The last twenty minutes was just 'stand up and sing whenever you feel like you've got something you want to offer.' And every time someone came, everyone else was listening so intently and there would be a ‘It was great, well done, really nice.’ It was just lovely seeing everyone encourage each other. And often the people that were kind of shying away at the start, you couldn't get them off the mic! That was a really special part of it. I remember one person said at the start, ‘I'm not sure yet if I want to take part, I just wanted to come along to this workshop and see,’ and by the end they’d decided that they wanted to be a part of the production because they'd enjoyed the process and finding some confidence in singing. Enabling people was the most exciting part of it, regardless of the piece itself that came from the workshops. The chance to actually go through that process of working with people who had limited experience of singing, and certainly recording their voice, really just confirmed for me that that process works.


The best moment for me was doing the ‘House of Noah’ scene for the first time in the tech run, because it was when I felt saw all of the elements coming together. Tech rehearsals are always my favourite. I know, it's an unpopular opinion! But there's always a moment that breaks me where I just think, this is why I love theatre so much. It was my favourite thing to be able to play that track back to people from the workshop, and to see their excitement when they heard their own voice.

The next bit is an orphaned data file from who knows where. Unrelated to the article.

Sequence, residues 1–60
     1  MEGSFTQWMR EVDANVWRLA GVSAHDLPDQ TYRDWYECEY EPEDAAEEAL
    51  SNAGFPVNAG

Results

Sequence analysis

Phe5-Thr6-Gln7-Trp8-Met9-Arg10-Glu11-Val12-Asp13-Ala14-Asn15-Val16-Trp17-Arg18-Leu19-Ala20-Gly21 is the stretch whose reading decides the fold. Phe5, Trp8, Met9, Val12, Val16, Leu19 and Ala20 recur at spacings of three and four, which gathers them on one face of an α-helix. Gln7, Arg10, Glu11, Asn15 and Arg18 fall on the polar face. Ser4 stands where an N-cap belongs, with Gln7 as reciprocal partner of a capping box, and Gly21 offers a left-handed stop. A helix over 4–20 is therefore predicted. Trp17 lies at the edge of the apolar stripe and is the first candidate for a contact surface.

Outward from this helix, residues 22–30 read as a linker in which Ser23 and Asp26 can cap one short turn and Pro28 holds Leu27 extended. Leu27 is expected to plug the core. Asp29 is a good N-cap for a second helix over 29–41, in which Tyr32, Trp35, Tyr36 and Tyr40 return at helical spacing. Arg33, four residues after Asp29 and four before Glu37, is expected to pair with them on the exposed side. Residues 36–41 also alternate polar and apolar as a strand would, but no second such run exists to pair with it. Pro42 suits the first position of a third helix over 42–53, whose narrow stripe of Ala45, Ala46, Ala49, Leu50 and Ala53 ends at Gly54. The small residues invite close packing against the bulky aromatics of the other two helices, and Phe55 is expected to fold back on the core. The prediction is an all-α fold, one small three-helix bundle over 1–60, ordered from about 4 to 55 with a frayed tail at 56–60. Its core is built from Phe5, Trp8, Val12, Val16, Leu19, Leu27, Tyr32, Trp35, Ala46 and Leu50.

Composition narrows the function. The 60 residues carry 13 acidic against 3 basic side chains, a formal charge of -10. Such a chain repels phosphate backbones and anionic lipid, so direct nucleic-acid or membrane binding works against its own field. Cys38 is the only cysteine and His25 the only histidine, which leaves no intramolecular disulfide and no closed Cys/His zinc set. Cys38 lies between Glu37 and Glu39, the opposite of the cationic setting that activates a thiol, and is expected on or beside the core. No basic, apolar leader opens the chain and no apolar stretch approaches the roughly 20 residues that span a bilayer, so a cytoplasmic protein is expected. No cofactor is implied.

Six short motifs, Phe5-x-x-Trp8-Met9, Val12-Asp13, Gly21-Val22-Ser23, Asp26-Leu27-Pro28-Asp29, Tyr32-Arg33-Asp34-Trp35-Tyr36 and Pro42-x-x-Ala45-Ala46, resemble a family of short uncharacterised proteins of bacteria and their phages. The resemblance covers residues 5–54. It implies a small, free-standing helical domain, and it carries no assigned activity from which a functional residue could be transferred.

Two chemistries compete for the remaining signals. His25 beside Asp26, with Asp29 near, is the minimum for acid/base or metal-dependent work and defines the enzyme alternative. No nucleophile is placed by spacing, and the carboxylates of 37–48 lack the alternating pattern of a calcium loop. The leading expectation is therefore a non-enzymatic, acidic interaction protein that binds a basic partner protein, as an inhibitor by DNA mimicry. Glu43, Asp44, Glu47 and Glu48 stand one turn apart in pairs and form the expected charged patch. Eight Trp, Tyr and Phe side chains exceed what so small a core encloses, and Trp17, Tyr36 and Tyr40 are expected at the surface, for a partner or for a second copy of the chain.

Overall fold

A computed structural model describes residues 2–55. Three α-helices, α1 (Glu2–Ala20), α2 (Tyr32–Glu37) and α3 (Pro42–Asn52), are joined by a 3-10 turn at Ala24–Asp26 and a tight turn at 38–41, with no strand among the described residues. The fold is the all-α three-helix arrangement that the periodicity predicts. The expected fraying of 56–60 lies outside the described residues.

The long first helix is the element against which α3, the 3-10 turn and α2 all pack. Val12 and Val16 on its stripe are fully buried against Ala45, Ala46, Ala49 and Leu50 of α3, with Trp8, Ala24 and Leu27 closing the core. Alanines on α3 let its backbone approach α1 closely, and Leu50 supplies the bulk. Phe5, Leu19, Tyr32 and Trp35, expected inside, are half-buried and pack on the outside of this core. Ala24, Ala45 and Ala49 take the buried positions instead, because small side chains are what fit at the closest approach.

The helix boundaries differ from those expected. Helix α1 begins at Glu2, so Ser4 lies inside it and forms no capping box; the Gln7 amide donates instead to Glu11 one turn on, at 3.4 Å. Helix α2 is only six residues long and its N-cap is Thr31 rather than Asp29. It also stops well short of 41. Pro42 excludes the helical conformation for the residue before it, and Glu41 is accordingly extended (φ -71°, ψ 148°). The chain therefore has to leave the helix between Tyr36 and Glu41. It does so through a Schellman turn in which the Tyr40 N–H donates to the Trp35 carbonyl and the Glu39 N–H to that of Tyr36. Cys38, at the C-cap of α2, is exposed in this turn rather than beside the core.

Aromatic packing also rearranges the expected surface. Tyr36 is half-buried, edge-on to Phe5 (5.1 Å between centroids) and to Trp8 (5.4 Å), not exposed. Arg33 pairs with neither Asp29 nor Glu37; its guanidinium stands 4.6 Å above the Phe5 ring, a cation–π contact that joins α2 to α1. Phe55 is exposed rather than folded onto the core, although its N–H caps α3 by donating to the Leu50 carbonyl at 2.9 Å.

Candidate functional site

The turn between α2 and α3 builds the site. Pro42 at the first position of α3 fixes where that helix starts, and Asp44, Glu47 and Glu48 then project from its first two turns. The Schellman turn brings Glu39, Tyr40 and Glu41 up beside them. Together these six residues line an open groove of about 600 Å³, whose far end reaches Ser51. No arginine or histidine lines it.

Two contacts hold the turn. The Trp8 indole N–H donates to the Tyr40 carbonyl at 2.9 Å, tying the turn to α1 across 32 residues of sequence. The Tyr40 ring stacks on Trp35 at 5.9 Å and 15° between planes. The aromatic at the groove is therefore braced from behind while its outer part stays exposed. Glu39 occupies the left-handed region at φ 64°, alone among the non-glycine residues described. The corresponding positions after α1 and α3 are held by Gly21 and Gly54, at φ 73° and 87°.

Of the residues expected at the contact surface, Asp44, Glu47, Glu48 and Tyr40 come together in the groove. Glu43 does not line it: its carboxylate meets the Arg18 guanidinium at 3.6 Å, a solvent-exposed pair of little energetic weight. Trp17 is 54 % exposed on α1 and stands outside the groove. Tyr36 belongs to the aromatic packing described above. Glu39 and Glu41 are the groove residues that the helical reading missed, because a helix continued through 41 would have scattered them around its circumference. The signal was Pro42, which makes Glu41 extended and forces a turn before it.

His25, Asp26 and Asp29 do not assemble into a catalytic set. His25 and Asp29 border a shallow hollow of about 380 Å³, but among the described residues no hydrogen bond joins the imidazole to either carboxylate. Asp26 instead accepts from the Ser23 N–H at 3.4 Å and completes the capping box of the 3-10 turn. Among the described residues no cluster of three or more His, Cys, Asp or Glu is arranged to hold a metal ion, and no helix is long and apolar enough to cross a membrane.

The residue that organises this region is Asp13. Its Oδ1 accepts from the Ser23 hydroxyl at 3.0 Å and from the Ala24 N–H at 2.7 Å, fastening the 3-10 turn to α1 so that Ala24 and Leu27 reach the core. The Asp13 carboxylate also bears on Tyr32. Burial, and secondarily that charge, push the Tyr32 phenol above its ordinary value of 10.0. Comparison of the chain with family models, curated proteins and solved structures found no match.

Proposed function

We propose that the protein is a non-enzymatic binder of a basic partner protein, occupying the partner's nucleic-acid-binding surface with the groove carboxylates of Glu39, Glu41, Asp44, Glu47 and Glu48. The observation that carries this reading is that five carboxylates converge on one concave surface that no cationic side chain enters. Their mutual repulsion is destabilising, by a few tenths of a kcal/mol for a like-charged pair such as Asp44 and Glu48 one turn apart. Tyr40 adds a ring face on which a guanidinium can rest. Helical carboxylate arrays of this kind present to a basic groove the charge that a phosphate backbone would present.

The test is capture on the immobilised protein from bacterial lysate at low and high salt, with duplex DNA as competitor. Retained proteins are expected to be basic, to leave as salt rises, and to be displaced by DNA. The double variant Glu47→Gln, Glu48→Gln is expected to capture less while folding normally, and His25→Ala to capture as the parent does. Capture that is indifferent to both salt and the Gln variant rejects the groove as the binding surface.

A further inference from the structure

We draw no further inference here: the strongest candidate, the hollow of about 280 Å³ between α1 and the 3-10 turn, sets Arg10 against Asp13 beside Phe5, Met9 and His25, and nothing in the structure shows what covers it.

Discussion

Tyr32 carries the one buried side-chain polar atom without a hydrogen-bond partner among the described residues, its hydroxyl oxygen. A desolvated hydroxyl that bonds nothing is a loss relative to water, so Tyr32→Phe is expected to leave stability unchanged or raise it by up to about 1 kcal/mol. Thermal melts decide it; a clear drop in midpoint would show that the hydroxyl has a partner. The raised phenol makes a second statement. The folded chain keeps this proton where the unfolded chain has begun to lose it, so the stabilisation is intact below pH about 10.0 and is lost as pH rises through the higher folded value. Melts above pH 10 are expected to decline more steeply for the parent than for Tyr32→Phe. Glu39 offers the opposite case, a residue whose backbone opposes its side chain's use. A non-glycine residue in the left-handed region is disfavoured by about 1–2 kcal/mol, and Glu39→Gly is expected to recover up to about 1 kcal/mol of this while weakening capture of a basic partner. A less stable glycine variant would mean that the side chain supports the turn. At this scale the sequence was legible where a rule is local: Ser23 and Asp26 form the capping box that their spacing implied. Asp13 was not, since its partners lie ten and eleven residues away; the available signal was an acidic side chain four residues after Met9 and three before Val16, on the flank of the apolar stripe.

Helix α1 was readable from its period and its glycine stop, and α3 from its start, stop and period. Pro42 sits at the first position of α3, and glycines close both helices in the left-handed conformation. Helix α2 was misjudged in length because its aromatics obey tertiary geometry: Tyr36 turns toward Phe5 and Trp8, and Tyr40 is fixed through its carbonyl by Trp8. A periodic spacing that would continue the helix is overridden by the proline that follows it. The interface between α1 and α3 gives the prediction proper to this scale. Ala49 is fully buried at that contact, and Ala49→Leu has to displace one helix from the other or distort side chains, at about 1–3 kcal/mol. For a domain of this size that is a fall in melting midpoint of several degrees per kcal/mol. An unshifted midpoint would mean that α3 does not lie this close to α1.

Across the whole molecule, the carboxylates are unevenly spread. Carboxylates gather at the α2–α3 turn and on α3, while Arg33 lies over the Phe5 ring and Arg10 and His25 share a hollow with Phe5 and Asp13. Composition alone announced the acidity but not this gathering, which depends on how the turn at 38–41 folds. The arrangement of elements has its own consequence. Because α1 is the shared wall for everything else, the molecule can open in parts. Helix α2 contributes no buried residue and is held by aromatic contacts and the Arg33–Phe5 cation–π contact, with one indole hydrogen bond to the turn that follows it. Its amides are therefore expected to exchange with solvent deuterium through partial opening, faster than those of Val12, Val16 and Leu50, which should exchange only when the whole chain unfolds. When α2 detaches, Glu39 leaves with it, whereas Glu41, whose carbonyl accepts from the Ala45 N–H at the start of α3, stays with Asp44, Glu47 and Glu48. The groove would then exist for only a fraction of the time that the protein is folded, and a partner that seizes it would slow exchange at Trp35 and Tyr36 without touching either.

I look back on Atlantis really, really fondly. It was amazing, it was one of my favourite projects I've ever done. I think all of the team and the group we were working with were just amazing. It's that feeling - which is actually a surprisingly rare feeling in making theatre - where everyone's different disciplines and departments are all connecting and clicking and working together.


From the moment I came in, it was so clear that the community members were such an integral part. It wasn’t just ‘We're going to create a show as a bunch of professionals, and then we really want you guys to perform it.’ I think probably the main difference I've witnessed with Atlantis, in comparison to other community projects I've done, is that there's such a huge focus on the process. And that’s such a significant part of what the community members get out of the project itself. It’s something that I think Hidden Spire does brilliantly. In many ways, it's changed my opinion on what is possible with creative engagement projects.


I'm doing another community engagement project which I've only just recently got going with and there's no question that that job has come directly as a result of the experiences of this project.


I'll definitely do more creative collaborations with small teams working remotely, but collaborations with communities, I think, are still much more beneficial in-person. There is something really vital in collective collaboration that happens when you're in a room with people, when you're able to share a space and create.